PUTIN RECEIVES DAILY BRIEFS ABOUT EX-YUKOS BOSS KHODORKOVSKY

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The Kremlin informs Russian President Vladimir Putin of any political statements made by his former opponent, ex-Yukos boss Mikhail Khodorkovsky, the president’s spokesman said, according to independent news agency Interfax.

“When…statements are made and end up in the media, of course we track them,” Dmitry Peskov, the Kremlin spokesman said. The information is then included in the president’s daily news round-up.

Khodorkovsky vocally opposed the ex-KGB man during the early days of Putin’s presidency and Russian authorities arrested him in 2003 for embezzlement in a case, widely regarded as politically motivated. He then served a decade in jail before Putin pardoned him in the lead-up to the 2014 Winter Olympics in Sochi. Khodorkovsky moved to Switzerland and has not returned to Russia since.

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Beginning in the summer of 2015, however, he started backing several opposition politicians and in July declared that “Putin’s era” is coming to an end, adding that the president would likely step down in 2019.

Peskov, the Kremlin spokesman, said that Khodorkovsky “has not been to the homeland in a long time and is practically absolutely separated from reality.”

“In the history of our country there have been a lot of times when a group of people sat in Geneva, feeling homesick and thought about how to sort things out here,” Peskov added, seemingly alluding to the time Vladimir Lenin, Leon Trotsky and other Russian Communists spent in Geneva while exiled by the Russian Empire. “As a rule of thumb, this never ends well for anybody.”

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Earlier in December, Russia asked Khodorkovsky to return for questioning, after it implicated him in a 13-year-old murder case. He refused and Russian authorities have since charged him with organizing two additional murders.

Later, Khodorkovsky called a press conference to address the government’s accusations, saying the state had manufactured the charges to stifle his activism.

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Miscarriages of Justice- Rebuilding A life

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“I have been out of prison for seventeen years and I’m still angry. What you [the families] get back is a shell of a person who went in, the only thing you learn in prison is confrontation.”
– Paddy Hill (Birmingham Six)

To be imprisoned for a criminal offence you didn’t committ and then to find that the legal system you’ve placed your trust in doesn’t work, is nobody’s nightmare; simply because nobody would dare think let alone dream that such a thing could happen to them.

Paddy Hill was one of six men arrested after the Birmingham pub bombings. Up until then Birmingham had pretty much been his home from home. But on the 21 November 1975 all that was to change.

After food and sleep deprivation, twelve hour interrogation sessions and police beatings, Paddy Hill and five other men were charged with murder and conspiracy to cause explosions . On the 15 August 1975 each of the men were sentenced to twenty-one life sentences.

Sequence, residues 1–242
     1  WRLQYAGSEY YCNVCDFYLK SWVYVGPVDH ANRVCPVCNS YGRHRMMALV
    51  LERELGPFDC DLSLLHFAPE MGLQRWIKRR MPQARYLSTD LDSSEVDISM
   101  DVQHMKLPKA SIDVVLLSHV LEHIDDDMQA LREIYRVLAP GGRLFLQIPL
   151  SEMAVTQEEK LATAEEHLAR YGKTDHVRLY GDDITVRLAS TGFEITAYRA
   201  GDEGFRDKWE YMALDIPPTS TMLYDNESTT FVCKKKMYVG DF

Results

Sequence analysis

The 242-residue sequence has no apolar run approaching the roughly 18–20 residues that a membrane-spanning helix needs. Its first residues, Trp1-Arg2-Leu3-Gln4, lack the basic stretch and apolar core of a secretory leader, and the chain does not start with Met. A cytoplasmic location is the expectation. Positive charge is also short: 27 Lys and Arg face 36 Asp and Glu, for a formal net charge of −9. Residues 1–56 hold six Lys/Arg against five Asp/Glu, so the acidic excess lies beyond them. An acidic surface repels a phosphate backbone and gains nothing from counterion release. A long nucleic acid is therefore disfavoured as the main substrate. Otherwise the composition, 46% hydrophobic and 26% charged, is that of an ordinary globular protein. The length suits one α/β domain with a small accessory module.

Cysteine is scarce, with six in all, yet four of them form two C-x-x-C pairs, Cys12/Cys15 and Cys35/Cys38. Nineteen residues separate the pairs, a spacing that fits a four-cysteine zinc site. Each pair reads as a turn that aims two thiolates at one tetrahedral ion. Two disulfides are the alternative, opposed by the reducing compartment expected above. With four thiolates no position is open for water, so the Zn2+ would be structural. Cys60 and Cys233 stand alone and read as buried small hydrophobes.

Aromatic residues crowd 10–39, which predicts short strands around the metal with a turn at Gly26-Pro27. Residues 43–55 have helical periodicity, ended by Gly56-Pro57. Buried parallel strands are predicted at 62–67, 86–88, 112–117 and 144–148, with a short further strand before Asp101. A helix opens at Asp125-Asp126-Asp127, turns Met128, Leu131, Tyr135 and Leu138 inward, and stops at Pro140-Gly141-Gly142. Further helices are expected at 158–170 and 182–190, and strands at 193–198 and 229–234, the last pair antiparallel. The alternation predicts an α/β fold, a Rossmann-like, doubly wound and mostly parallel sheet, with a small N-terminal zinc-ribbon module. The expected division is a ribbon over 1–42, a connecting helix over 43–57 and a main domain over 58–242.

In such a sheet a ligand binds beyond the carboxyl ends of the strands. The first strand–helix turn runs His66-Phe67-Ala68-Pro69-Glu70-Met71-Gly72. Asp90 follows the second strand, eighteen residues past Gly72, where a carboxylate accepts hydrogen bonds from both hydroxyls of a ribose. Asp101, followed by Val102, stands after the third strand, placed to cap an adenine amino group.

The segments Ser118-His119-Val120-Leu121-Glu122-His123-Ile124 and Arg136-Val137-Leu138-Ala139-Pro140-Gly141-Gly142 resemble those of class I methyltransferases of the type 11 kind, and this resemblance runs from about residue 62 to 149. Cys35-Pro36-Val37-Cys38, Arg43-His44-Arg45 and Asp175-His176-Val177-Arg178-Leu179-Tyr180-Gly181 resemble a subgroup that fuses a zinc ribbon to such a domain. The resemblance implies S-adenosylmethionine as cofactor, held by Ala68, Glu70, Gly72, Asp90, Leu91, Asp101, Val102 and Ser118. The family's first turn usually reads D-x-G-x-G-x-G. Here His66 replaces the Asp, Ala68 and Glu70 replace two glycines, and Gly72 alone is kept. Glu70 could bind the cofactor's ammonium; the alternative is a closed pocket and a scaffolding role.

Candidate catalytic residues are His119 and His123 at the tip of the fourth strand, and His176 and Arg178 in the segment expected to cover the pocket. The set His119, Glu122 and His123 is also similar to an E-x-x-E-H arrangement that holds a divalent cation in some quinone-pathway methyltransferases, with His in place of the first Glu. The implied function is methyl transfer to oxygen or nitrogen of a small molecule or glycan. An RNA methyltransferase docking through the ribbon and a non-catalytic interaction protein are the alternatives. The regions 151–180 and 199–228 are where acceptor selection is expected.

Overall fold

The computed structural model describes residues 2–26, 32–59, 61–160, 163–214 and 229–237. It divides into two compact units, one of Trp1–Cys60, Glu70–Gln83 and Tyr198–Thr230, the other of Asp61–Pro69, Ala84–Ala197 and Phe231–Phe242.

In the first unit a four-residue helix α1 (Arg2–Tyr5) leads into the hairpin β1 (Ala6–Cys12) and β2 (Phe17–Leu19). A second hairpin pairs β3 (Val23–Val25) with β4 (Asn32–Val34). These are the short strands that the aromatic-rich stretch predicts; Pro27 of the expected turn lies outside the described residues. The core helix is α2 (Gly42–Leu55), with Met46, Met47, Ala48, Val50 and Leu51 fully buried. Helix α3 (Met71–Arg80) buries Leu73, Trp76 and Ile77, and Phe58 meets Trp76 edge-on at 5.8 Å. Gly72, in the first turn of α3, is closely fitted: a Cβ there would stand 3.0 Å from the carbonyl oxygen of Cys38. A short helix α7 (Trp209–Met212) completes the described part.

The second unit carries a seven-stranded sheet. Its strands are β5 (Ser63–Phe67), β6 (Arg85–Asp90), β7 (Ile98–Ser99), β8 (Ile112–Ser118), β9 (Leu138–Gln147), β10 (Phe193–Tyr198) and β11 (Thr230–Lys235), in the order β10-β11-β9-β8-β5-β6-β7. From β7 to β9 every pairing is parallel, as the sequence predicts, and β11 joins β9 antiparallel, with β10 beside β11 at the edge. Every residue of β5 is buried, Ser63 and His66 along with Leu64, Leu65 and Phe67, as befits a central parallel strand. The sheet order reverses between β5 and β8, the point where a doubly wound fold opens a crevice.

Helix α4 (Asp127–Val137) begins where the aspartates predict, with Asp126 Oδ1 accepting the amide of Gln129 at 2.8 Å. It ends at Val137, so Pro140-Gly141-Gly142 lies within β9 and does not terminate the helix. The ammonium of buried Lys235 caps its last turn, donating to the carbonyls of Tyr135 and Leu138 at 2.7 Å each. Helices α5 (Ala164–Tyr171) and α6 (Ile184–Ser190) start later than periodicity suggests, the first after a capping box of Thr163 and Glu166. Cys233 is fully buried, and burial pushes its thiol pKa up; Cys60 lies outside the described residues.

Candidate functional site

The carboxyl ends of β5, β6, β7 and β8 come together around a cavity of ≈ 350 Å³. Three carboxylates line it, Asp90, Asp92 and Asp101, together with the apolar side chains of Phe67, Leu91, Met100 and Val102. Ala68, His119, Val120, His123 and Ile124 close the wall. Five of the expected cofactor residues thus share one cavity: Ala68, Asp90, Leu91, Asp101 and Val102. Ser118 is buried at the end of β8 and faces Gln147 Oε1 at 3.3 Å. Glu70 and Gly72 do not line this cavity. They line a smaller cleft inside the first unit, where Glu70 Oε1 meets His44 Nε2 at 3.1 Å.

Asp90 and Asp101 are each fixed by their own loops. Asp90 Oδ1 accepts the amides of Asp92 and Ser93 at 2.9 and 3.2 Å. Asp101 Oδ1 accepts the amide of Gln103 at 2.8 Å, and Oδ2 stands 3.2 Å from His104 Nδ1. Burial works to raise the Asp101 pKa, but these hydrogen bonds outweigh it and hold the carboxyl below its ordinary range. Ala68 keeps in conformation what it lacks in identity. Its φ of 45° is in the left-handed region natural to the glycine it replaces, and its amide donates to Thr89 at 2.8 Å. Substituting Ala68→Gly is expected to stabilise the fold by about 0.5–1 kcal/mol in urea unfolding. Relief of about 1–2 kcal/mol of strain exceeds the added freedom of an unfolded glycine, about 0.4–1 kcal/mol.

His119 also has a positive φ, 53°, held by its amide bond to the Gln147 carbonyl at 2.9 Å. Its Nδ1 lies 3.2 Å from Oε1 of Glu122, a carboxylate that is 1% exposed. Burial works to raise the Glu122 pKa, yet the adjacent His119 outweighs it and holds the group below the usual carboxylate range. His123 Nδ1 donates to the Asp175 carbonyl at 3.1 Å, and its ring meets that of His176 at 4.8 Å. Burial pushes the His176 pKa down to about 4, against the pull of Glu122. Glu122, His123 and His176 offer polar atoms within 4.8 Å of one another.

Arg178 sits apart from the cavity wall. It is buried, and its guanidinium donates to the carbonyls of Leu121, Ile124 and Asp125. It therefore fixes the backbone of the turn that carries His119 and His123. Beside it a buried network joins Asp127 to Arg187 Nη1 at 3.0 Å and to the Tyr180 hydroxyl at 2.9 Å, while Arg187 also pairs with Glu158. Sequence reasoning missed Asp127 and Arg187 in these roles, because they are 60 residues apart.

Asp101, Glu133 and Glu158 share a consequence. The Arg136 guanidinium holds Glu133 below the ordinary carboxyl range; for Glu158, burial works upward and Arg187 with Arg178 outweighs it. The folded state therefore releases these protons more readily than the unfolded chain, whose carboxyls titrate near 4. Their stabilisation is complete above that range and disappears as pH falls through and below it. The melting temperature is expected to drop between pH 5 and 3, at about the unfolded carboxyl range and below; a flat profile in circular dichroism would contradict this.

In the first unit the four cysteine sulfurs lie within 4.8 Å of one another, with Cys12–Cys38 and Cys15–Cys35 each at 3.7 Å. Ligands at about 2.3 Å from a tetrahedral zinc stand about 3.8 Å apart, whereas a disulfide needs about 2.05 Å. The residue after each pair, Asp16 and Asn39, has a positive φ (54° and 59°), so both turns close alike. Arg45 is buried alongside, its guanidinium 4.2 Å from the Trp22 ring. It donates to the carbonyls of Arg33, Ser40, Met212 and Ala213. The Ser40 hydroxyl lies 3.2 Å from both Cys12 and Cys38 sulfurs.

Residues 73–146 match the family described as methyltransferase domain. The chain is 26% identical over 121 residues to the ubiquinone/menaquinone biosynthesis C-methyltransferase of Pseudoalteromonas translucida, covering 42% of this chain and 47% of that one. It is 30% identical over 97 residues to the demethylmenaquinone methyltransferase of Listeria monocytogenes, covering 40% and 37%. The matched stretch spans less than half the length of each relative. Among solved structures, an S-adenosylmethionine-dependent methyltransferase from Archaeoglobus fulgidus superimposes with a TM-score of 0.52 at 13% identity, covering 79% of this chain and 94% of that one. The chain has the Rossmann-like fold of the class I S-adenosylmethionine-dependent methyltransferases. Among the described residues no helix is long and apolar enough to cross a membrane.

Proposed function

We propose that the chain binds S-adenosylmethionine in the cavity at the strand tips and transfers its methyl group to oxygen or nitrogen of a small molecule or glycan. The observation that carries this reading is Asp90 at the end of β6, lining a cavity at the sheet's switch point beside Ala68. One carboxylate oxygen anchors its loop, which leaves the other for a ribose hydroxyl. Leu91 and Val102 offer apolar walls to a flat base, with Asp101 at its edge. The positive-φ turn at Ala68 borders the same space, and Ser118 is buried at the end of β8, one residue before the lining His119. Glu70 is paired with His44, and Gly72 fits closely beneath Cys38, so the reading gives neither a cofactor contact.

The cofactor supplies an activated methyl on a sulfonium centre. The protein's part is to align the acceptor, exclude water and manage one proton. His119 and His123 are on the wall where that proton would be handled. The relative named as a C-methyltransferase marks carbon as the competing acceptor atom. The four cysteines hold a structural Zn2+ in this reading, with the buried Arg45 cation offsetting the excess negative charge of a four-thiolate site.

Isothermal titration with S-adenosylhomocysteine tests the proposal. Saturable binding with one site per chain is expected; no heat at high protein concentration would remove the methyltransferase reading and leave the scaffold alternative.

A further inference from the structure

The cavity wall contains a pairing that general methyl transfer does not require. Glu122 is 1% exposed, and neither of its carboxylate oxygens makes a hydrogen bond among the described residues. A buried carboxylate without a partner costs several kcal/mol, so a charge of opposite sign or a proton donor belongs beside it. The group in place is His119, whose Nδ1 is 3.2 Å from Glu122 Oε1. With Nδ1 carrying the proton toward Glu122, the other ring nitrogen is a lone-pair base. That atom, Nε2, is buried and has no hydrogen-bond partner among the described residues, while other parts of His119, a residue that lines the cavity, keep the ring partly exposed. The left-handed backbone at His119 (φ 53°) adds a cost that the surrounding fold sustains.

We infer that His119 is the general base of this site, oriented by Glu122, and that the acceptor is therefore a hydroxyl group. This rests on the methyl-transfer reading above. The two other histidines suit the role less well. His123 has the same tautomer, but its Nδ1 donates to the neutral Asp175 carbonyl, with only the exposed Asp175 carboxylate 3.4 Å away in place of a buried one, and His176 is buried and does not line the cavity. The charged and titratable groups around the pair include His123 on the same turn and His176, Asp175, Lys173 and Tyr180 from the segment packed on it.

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In June 1975, fourteen prison officers were charged with assaulting the six men whilst they were in prison awaiting trial; all fourteen men were acquitted at a trial presided over by Justice Swanwick. And this despite the testimony of a prisoner who had been released two weeks after the Birmingham six had arrived at HMP Winson Green.

In 1991 Paddy Hill was released from prison and his convictions subsequently quashed and that was when his struggles really began.

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“When you come out, the pace of living has accelerated so much [that] mentally you’re not equipped to deal with any of it”

Dr Iain Stephens, a psychologist who has counselled many prisoners has highlighted the fact that prisoners serving time (repeating the same structured day over and over) can have a hard time on release, getting used to being back in society, but at least they receive preparation for it.

Prisoners who are the victims of miscarriages of justice receive no such preparation; once the Court of Appeal hands down its decision in their favour, they are released. And though they may feel euphoric on their release, the euphoria doesn’t last long. For in the words of John McManus, the project co-ordinator for the miscarriages of justice project, :-

“They don’t realise all the skills they’ve lost whilst in prison”

As a rule people who have their convictions quashed receive minimal support from the state, fifty pounds in total, for immediate needs, rising to 80 pounds for those seeking an overnight stay in London,

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“Many find themselves couped up in a tiny flat, dulling any feelings of depression or anger with alcohol or drugs…financial compensation for the injustices they have suffered may take many years to come…”

The Common Weal Housing Project seeks to provide both housing and support to prisoners who have been released as a result of the work of the Criminal Case review Commission on miscarriages of justice.

But they would rather the government funded such work; as would the Miscarriages of Justice Organisation founded by Paddy Hill.

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The previous Labour Government’s Minister of Justice was examining the likelihood of setting up such a scheme. It remains to be seen whether the current minister, Mr Grayling, would be able to find space in his budget for such a measure.

Given the Legal Aid cuts he has introduced, one would hope that would be the case. For there is every likelihood that with a reduction in the quality of advocacy brought about by his budget reductions, miscarriages of justice may become prolific.